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OA05 - Treatment Advances in SCLC (ID 373)
- Event: WCLC 2016
- Type: Oral Session
- Track: SCLC/Neuroendocrine Tumors
- Presentations: 1
OA05.02 - Anti-Tumor Immunity is a Key Determinant of SCLC Survivorship (ID 5759)
14:20 - 15:50 | Author(s): F. Kosari
While the majority of small cell lung cancer (SCLC) patients succumb to their disease within a few months, there is a small group of patients who survive for many years after their diagnosis. Factors contributing to the SCLC long-term survivorship remain largely unknown. Herein, we compared tumors from exceptional survivors (EXS) and patients with the expected outcome (EOP) to determine genomic and immunological determinant of SCLC survivorship.
In the Mayo Clinic tissue registry, we identified surgical blocks from 12 EXS who survived > 4 years after surgery and 14 EOP who died < 2 years of surgery. These cohorts were created to have no statistical differences in clinical TNM stage, curative versus non-curative intent surgery, age, gender, and smoking status between EXS and EOP. Tumor areas were macro-dissected for gene expression profiling by the Human Transcriptome Array (Affymetrix). Also, tissue sections were stained for key immunological markers, including CD8, CD4, CD3, CD279, FoxP3, CD138, CD20, CD21, CD14, CD68, and also LYZ. Concentrations of immune cells in intra-tumor areas (IE), stroma (ST), and tumor/non-tumor interface (IF) were assessed by an image processing program (Aperio). Staining patterns in each of the three zones in EXS and EOP tumors were compared.
More than 90% of differentially expressed genes were over-expressed in EXS compared with EOP. Furthermore, over 75% of the known over-expressed genes were either immunoglobulin or MHC related and a majority of the remaining genes were immune function related such as cytokines. We then performed IHC for key immunological markers and found significantly higher concentration of immune cells including CD8 and PD-1 positive cells in the tumor microenvironment, especially at the tumor stromal interface in EXS compared with EOP (p < 0.005 for both markers). Furthermore, the total number of infiltrating immune cells (T-cells, B-cells, Plasma cells, monocytes and macrophages was significantly higher in EXS in the interface region (p < 0.0005).
Gene expression profiling revealed that anti-tumor immunity is an important factor for SCLC survival. Further studies by IHC suggested the presence of immune cells especially cytotoxic T-cells in the tumor microenvironment and particularly at the tumor-stromal interface to be major contributors to long term survivorship in SCLC. These findings suggest that immunotherapeutic strategies may be effective for patients with SCLC.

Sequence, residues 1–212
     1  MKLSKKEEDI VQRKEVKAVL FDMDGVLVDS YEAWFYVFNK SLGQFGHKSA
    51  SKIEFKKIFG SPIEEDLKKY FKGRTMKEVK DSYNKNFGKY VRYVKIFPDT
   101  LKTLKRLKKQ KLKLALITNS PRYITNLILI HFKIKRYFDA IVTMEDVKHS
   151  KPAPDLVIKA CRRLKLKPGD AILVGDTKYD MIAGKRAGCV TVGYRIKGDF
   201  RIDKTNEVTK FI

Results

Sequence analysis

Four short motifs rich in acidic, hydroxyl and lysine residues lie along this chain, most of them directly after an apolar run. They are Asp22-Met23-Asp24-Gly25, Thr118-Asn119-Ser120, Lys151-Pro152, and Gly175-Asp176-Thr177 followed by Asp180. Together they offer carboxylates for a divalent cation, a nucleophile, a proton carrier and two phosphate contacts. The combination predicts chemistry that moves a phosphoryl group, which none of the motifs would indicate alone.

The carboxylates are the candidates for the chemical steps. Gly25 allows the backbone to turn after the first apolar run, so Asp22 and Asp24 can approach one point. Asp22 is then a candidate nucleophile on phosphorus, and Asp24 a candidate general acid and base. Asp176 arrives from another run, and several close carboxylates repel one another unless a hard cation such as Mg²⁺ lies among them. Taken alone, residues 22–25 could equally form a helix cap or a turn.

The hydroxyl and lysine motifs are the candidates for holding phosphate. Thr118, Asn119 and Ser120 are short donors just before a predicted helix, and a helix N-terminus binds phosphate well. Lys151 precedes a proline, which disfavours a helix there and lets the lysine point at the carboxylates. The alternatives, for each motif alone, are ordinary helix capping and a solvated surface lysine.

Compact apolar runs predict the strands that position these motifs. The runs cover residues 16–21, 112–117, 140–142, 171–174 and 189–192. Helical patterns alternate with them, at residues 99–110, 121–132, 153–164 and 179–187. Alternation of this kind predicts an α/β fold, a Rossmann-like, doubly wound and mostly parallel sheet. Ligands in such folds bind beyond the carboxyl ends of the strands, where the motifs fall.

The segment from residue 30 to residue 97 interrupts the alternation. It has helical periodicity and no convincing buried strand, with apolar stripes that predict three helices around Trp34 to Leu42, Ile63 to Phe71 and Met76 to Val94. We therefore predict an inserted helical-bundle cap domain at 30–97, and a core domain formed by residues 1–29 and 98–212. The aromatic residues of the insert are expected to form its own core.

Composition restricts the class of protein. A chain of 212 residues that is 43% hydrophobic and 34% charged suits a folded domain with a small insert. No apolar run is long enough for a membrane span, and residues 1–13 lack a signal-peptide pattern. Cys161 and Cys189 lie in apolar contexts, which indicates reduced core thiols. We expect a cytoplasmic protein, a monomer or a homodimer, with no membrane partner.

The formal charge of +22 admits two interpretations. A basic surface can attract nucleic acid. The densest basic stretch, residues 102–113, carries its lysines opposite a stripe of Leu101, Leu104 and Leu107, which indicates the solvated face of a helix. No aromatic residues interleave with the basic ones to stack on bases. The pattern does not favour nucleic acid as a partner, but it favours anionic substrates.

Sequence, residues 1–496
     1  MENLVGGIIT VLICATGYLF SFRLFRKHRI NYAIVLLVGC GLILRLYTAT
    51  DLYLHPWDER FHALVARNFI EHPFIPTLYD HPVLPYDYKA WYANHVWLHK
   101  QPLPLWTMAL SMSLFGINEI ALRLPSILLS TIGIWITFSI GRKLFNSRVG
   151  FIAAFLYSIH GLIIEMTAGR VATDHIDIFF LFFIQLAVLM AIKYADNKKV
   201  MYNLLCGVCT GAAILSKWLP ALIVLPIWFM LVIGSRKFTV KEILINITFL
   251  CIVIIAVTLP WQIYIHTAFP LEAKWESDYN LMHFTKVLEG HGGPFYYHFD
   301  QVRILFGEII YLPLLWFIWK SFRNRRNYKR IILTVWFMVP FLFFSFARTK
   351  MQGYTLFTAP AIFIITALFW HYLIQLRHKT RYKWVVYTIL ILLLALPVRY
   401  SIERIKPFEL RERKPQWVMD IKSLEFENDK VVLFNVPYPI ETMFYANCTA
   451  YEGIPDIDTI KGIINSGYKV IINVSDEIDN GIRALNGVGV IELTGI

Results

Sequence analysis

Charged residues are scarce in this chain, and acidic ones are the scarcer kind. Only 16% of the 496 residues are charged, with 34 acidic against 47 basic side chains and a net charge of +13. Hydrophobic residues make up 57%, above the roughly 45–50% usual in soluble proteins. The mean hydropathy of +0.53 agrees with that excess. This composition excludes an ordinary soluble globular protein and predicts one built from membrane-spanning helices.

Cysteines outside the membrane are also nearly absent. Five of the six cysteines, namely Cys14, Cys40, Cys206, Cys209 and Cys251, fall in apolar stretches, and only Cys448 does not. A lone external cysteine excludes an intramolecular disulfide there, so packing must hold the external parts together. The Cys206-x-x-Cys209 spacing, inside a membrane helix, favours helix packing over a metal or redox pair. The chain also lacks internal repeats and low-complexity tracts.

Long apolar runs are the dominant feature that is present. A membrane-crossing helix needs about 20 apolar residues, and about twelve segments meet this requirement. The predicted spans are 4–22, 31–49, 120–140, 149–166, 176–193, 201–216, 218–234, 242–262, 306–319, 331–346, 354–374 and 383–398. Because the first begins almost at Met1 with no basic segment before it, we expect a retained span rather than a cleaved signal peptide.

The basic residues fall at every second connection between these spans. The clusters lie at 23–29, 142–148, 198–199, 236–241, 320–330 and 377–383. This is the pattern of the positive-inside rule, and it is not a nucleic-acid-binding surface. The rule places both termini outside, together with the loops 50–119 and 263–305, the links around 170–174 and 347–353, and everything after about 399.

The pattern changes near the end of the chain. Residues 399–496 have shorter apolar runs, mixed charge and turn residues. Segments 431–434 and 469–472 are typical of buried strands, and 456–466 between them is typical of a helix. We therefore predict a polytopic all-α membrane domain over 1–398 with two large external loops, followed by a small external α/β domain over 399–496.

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P1.02 - Poster Session with Presenters Present (ID 454)
- Event: WCLC 2016
- Type: Poster Presenters Present
- Track: Biology/Pathology
- Presentations: 1
- Coordinates: 12/05/2016, 14:30 - 15:45, Hall B (Poster Area)
P1.02-060 - EGFR Mediates Activation of RET in Lung Adenocarcinoma with Neuroendocrine Differentiation Characterized by ASCL1 Expression (ID 5804)
14:30 - 15:45 | Author(s): F. Kosari
Achaete-scute homolog 1 (ASCL1) is a neuroendocrine transcription factor expressed in 10-20 % of lung adenocarcinomas (AD) with neuroendocrine (NE) differentiation. Previously, we demonstrated that ASCL1 functions as an upstream regulator of the RET oncogene in AD with high ASCL1 expression (A[+]AD). In this study, we examined the potential role of wild type RET in influencing the oncogenic properties of A[+]AD. We also screened for drugs that could selectively target RET signaling and examined the role of the two RET isoform separately.
The association of the mRNA expression for the long (RET51) and short (RET9) RET isoforms with overall survival (OS) were assessed in a case-control study of stage-1 A[+]AD patients surgically resected at the Mayo Clinic (1994-2007). Cases and controls were defined as patients who survived < 3.5 years after surgery (n= 29) and > 5 years after surgery (n=38), respectively. mRNA was isolated from FFPE tissue and analyzed by a nanostring assay. Associations of each isoform mRNA with the OS was determined by the area under the receiver operative characteristics (AUC). For drug screening, HCC1833 lung AD cells with endogenously high expression of ASCL1 were stably transfected with either empty vector or an ASCL1-shRNA. Differential sensitivities of tyrosine kinase inhibitors (TKIs) in the pair of syngeneic cell lines were measured by Cell-Titer Glo (Promega). Interactions between EGFR and RET was examined by co-immunoprecipitation.
Expression of RET51 mRNA was associated with poor OS (p=0.005, AUC 0.71). We detected modestly increased sensitivity to sunitinib and vandetanib in A[+]AD compared with A[-]AD cells. However, the EGFR inhibitors gefitinib and the dual EGFR and HER2 inhibitor lapatinib resulted in ≥ 10 fold higher cytotoxicity in A[+]AD cells than in A[-]AD cells. Subsequent experiments demonstrated that EGF stimulation of EGFR mediates the phosphorylation of RET in multiple A[+]AD cells. RET and EGFR were found to interact only in presence of EGF and predominantly through the long RET isoform (RET51).
Herein we demonstrate that wild type EGFR predominantly interacts with the long isoform of RET (RET51) in A[+]AD cells. In the presence of EGF this results in activation of RET. High RET51 is associated with worse OS. Furthermore, compared to A[-]AD cells, A[+]AD cells appear to be more sensitivity to EGFR inhibitors. In summary, our results suggest that A[+]AD patients may benefit from treatment with EGFR inhibitors even in the absence of an EGFR mutation.